Difference between revisions of "J.D.s"

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(added story about Bruce)
m (Reverted edits by MichaelDean (Talk); changed back to last version by Goffwrecker)
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[http://www.qzap.org/v4/index.php?option=com_remository&Itemid=26&func=select&id=87/ J.D.s archive on the Queer Zine Archive Project website]
[http://www.qzap.org/v4/index.php?option=com_remository&Itemid=26&func=select&id=87/ J.D.s archive on the Queer Zine Archive Project website]
Cute story, I told Alan FallOfMan and he suggested adding here:
Slightly funny ancient punk history, and gossip….
In 1990 Bruce LaBruce put the song “Be A Fag” from my band Bomb on his JD’s zine cassette comp “J.D.s Top Ten Homocore Hit Parade Tape”, with permission. (Tom Jennings had written Bomb up in his “Homocore” zine, and Bruce found us from that.)
However, Bruce later used the song without permission, during the end credits of his film “No skin off my ass.” When I found out I asked him if we were gonna get any money (The film made a good bit of scratch in home VHS rental and theater showings). He said, “Michael, money in film is like sex with a gay man. If you don’t get anything in the front, you don’t get anything in the rear.”
I stole that line, changed “film” to “music” and used it in my first novel “Starving in the Company of Beautiful Women”, without attribution.
It’s the only time I’ve ever out and out stolen a line from anyone, but I figured I was due.
[http://www.stinkfight.com/2007/10/15/bruce-labruce-stole-from-me-so-i-stole-from-him/ Feel free to comment here.]
[[Category:Zine]] [[Category:Ontario Zines]][[Category:Queer]][[Category:Previously Featured Articles]] [[Category:Punk]] [[Category:1980's publications]]
[[Category:Zine]] [[Category:Ontario Zines]][[Category:Queer]][[Category:Previously Featured Articles]] [[Category:Punk]] [[Category:1980's publications]]
[[Category:1990's publications]]
[[Category:1990's publications]]
[[category:Zines from Canada]]
[[category:Zines from Canada]]

Revision as of 09:38, 17 October 2007

J.D.s was a queer punk zine founded in Toronto by G.B. Jones and co-published with Bruce LaBruce.

" J.D.s is seen by many to be the catalyst that pushed the queercore scene into existence", writes Amy Spencer in DIY: The Rise Of Lo-Fi Culture. J.D.s ran from 1985 to 1991, during which time eight issues were released. A cut and paste, photocopied zine, it proved influential.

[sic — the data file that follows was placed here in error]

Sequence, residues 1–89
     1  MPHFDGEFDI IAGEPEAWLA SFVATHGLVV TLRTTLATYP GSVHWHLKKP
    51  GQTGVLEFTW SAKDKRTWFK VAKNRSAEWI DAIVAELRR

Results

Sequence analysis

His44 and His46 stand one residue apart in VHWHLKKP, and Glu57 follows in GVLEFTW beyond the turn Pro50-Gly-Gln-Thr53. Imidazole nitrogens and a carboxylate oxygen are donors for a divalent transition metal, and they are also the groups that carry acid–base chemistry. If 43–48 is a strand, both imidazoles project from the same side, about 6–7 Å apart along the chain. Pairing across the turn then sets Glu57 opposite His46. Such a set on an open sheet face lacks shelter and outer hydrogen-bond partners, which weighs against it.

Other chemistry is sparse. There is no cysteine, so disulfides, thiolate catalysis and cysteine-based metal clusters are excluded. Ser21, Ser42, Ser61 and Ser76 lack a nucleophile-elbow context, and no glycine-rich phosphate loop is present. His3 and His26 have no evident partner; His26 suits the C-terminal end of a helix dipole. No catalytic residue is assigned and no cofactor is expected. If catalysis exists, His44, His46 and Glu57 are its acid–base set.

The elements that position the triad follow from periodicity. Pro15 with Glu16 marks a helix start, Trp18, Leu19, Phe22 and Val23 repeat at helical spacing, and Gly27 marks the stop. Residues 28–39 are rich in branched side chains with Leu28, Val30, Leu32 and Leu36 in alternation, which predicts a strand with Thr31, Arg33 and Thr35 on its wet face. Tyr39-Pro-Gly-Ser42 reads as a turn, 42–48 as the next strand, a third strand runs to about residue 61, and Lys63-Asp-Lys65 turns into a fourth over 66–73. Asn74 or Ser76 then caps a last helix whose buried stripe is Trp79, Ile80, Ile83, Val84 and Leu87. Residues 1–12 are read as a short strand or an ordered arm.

After the release of the first few issues, the editors wrote a manifesto entitled "Don't Be Gay", which was featured in Maximum Rock 'N' Roll. According to Amy Spencer, "The article appeared in February 1989 and simultaneously attacked both punk and gay subcultures. Following their article, a queer punk culture did begin to emerge."

J.D.s stood for 'Juvenile Delinquents'. The editors originally called their movement "homocore" but later replaced the word 'homo' with 'queer', to disassociate themselves completely from the confines of the gay and lesbian communities' orthodoxy. G.B. Jones, interviewed in DIY: The Rise Of Lo-Fi Culture, says, "...we were just as eager to provoke the gays and lesbians as we were the punks."

The zine featured the photos and the "Tom Girl" drawings of G.B. Jones, fiction by Bruce LaBruce, and the "J.D.s Top Ten Homocore Hits", a list of queer themed songs such as "Off-Duty Sailor" by The Dicks, "Only Loved At Night" by The Raincoats, "The Anal Staircase" by Coil, "I, Bloodbrothers Be" by Shockheaded Peters, ""Homophobia" by Victims Family, "(Gimme Gimme Gimme) My Man After Midnight by The Leather Nun and many others. Groups such as Anti-Scrunti Faction were featured in the zine. Contributors included Donny The Punk, artist and zine editor Carrie McNinch, comic artist and zine editor Anonymous Boy, punk artist Regi Mentle, author Dennis Cooper, performer and zine editor Vaginal Davis and zine editors Klaus and Jena von Brucker.

In 1990, J.D.s released the first compilation of queercore songs, a cassette tape entitled J.D.s Top Ten Tape which featured songs by The Apostles, Academy 23, and No Brain Cells from the UK, Fifth Column from Canada, Bomb and Nicki Parasite (of The Parasites) from the U.S., and Gorse from New Zealand.

Also in 1990, G.B. Jones and Bruce LaBruce began presenting J.D.s movie nights in London, San Francisco, Montreal and Toronto, with the editors and various contributors showing their low budget films made on Super 8.

In 1991, G.B. Jones and associates began a new fanzine called Double Bill.

J.D.s archive on the Queer Zine Archive Project website